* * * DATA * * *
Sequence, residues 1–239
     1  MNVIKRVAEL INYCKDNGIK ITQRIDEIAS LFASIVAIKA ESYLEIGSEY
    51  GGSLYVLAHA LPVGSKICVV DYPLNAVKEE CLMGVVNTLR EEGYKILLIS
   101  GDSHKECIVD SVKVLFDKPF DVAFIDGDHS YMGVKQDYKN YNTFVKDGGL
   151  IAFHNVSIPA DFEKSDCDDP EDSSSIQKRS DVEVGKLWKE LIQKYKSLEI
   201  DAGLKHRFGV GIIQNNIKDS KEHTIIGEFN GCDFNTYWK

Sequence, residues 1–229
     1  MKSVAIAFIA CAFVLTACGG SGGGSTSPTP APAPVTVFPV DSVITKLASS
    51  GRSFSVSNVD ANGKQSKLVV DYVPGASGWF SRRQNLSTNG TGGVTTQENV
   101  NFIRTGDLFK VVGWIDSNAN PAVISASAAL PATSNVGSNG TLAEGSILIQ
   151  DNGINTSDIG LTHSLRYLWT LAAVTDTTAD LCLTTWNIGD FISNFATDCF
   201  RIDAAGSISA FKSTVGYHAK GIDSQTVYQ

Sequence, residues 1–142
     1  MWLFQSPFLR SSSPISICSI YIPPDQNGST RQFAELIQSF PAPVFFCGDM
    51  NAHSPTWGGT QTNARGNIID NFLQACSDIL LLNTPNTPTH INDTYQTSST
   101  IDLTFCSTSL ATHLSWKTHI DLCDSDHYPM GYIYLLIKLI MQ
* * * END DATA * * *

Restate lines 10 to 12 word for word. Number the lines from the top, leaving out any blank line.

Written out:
   101  NFIRTGDLFK VVGWIDSNAN PAVISASAAL PATSNVGSNG TLAEGSILIQ
   151  DNGINTSDIG LTHSLRYLWT LAAVTDTTAD LCLTTWNIGD FISNFATDCF
   201  RIDAAGSISA FKSTVGYHAK GIDSQTVYQ